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Oak Lawn ethics debate focuses on bedfellows

Published: Wednesday, Oct. 16, 2013 10:52 a.m. CST

OAK LAWN (MCT) — Political bedfellows are the typical target of ethics laws, but one official in south suburban Oak Lawn is interested in actual bedfellows.

Village Board members' discussion of government ethics took an intimate turn recently, as longtime Trustee Robert Streit pointed out that a new conflict of interest policy adopted by the village would not require unmarried Mayor Sandra Bury to disclose any romantic relationships with people doing work for the village.

"The ordinance had a definition for relative that went to great lengths to define relationships," Streit said. "It included every possible relationship you could imagine, but it didn't include the mayor's relationships."

Streit noted changes to the village ethics ordinance require elected officials and village staff to disclose when they have a financial stake in a village contract or when a relative, spouse or "domestic partner" is involved with village business. Streit wanted to make that last category include boyfriends, girlfriends, and cohabitators.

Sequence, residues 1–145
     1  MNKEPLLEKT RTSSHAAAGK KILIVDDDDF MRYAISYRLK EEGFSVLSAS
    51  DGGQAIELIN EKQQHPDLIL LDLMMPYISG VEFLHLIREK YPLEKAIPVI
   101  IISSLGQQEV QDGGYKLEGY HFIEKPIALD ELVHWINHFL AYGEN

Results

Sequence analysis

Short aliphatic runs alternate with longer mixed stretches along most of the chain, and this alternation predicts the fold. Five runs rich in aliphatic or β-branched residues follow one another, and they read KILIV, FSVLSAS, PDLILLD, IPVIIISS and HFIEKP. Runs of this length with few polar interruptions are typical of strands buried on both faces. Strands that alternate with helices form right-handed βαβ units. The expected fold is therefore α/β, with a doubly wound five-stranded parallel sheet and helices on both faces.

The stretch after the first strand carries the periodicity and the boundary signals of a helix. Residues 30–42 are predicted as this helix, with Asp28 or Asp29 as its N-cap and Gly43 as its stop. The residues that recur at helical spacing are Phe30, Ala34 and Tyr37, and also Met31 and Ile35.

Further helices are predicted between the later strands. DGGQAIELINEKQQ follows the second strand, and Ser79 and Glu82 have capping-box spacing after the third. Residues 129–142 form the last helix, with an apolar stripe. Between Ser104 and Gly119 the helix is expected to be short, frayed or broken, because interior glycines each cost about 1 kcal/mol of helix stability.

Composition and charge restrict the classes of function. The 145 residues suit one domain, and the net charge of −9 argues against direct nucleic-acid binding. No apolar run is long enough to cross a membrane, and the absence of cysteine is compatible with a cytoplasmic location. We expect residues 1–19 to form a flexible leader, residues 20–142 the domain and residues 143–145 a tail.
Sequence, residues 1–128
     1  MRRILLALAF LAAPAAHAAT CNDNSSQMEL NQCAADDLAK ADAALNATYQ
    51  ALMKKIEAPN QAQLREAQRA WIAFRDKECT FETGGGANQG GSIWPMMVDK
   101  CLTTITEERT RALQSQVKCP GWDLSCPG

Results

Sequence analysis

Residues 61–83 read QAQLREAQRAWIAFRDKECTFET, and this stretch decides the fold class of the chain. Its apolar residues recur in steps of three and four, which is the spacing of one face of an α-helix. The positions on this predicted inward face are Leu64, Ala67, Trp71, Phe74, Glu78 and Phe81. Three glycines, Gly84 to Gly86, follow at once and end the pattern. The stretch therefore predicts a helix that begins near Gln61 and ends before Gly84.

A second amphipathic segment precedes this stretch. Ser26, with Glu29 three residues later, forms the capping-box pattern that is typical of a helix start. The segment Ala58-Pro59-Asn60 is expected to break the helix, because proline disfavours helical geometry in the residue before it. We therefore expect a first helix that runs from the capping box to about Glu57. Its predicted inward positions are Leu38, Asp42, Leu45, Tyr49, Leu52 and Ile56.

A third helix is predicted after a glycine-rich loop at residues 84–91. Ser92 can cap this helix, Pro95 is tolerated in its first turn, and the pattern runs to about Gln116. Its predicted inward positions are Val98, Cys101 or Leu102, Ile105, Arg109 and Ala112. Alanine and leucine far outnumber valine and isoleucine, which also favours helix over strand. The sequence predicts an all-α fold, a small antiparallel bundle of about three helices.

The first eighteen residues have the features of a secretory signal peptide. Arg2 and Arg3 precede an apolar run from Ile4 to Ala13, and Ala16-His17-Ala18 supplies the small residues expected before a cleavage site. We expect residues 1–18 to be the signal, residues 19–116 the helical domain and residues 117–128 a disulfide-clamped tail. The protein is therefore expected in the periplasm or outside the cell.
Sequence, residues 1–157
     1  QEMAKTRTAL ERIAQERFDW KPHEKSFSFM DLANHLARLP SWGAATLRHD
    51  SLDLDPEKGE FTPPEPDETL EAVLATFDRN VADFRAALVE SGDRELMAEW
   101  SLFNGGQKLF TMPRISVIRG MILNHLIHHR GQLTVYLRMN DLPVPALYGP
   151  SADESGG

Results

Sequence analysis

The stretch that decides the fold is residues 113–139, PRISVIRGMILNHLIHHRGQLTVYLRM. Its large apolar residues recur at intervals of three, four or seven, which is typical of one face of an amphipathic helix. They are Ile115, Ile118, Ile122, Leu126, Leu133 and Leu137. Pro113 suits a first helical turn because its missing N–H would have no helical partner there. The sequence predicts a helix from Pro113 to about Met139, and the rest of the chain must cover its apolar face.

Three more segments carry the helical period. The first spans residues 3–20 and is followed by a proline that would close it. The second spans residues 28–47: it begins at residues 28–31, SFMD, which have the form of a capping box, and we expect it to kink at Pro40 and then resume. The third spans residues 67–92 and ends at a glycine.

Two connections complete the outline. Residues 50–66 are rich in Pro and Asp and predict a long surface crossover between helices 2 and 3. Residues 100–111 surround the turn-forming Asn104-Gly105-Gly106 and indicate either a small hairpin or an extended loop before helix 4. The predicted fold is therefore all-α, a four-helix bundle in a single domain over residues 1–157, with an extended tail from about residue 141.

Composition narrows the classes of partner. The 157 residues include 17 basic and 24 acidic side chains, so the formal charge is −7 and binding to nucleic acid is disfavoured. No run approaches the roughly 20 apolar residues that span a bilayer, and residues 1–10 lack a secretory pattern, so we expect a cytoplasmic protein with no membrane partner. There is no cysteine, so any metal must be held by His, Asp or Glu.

Streit's motion to send the ordinance back to committee for revisions failed. The ordinance passed unanimously last week, without any of the changes Streit requested.

Bury said this week that she is single, and spends most of her free time caring for her 93-year-old father and her disabled brother. She does live with a pair of parrots.

"I could cuddle with them, but I think they would mostly bite me," said Bury, who said she hasn't dated in years and resented Streit "targeting me as a single woman."

The mayor, who has sparred frequently with Streit since taking office this spring, fired back at the meeting that the ordinance might also extend to extra-marital paramours.

Streit said he would have no objection because he's a "happily married man."

While it's easy to define family relations, business partners and couples whose relationships are made official by marriage or civil union, more casual relationships can get difficult, said Northwestern University law professor Nadav Shoked.

"You have to define 'boyfriend.' How? On eating together? Or sexual relationships? And more than one dinner or more than one sexual relationship?" Shoked said, adding that enforcing a boyfriend disclosure ordinance might require surveillance.

Attorneys for the village modeled the ordinance after Chicago's ethics ordinance and said that no current contracts with the village — or relationships with village officials — would appear to violate the new rules.

(c)2013 the Chicago Tribune Distributed by MCT Information Services

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